develooper Front page | perl.perl5.porters | Postings from August 2023

Re: PPC Elevator Pitch for Perl::Types

Thread Previous | Thread Next
Paul "LeoNerd" Evans
August 22, 2023 19:03
Re: PPC Elevator Pitch for Perl::Types
Message ID:
On Tue, 22 Aug 2023 18:45:44 +0000
Oodler 577 via perl5-porters <> wrote:

> > I wonder if you are not aware of the keyword plugging system,
> > available since 5.14?
> > It's used extensively by modules like List::Keywords and
> > Object::Pad as ways to prototype new functionality that could
> > eventually be brought into core (and indeed some of it has been,
> > e.g. via Corinna).  
> Thank you, we had not looked at this but will.

It's very powerful; particularly as exposed by XS::Parse::Keyword and
in some cases XS::Parse::Sublike.

With it I've been able to implement:

  * async/await syntax

  * real object syntax

  * real try/catch syntax (that became core's feature 'try')

  * real match/case syntax

All of these things are in use right now today in various real
systems, real companies actually using this lot for real production

They all play together, because they're not silly "lets rewrite the
source code with a regexp" trickery; they're properly integrated into
the parser in a properly reëntrant way. E.g. observe the way you can
put a match/case inside a try/catch block in an `async method` of a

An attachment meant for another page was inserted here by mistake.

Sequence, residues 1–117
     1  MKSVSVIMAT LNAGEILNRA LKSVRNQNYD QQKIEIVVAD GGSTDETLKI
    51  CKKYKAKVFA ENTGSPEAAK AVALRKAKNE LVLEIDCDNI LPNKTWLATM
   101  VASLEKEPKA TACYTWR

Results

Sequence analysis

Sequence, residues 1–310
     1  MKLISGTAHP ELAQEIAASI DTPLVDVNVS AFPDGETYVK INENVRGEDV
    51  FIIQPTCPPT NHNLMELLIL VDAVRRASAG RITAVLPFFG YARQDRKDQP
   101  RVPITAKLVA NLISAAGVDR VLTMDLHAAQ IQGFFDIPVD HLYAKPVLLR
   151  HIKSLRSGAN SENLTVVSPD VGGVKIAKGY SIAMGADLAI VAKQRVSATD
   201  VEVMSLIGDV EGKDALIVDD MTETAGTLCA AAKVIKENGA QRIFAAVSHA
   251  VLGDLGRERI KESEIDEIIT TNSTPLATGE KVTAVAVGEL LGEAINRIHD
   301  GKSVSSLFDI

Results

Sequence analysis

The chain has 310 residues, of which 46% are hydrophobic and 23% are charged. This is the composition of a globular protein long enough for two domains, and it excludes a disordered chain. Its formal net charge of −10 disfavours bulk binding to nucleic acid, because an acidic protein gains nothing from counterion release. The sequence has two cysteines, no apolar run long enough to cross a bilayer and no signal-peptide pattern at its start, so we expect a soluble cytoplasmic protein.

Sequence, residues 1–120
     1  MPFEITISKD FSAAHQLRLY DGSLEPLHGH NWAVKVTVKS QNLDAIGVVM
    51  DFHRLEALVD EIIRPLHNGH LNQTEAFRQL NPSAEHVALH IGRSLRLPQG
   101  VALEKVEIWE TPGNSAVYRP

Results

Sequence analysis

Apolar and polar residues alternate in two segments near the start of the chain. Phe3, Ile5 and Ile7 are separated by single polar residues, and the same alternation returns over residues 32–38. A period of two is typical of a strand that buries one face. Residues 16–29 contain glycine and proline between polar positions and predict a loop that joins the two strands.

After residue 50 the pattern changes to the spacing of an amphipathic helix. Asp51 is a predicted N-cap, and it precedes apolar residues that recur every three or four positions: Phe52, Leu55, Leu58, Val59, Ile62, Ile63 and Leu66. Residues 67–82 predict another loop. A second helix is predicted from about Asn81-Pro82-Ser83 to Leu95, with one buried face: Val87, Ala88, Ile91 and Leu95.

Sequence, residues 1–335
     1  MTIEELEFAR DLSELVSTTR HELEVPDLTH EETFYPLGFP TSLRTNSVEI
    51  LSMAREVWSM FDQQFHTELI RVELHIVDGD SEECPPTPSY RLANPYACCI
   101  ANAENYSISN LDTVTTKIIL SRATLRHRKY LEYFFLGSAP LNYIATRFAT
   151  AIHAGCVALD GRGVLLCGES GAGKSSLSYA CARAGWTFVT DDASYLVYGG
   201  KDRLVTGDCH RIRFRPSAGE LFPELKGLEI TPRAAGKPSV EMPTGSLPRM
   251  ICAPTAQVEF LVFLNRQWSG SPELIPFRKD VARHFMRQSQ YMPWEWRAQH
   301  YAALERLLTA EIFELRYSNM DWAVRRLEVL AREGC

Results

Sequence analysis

class. Of particular note I want to draw attention to the fact that
combining `async` from Future::AsyncAwait and `method` from Object::Pad
works just fine despite the fact that neither module knows about the
other. When I wrote about programming languages being like Lego sets,
this is precisely the sort of thing I mean.

In addition at Perl v5.38 we added another mechanism for defining new
infix operators; so now while we're getting rid of smartmatch we can
continue to experiment with better replacements for it.

and again - these all play together just fine. You can use an `equ` or
`=:=` operator inside match/case inside try/catch inside ... I think my
point is clear here.

These are the core-supported mechanisms we've been using for the past
decade to experiment with new syntax and new ideas that we eventually
bring into the core language.

Paul "LeoNerd" Evans      |  |

Thread Previous | Thread Next Perl Programming lists via nntp and http.
Comments to Ask Bjørn Hansen at | Group listing | About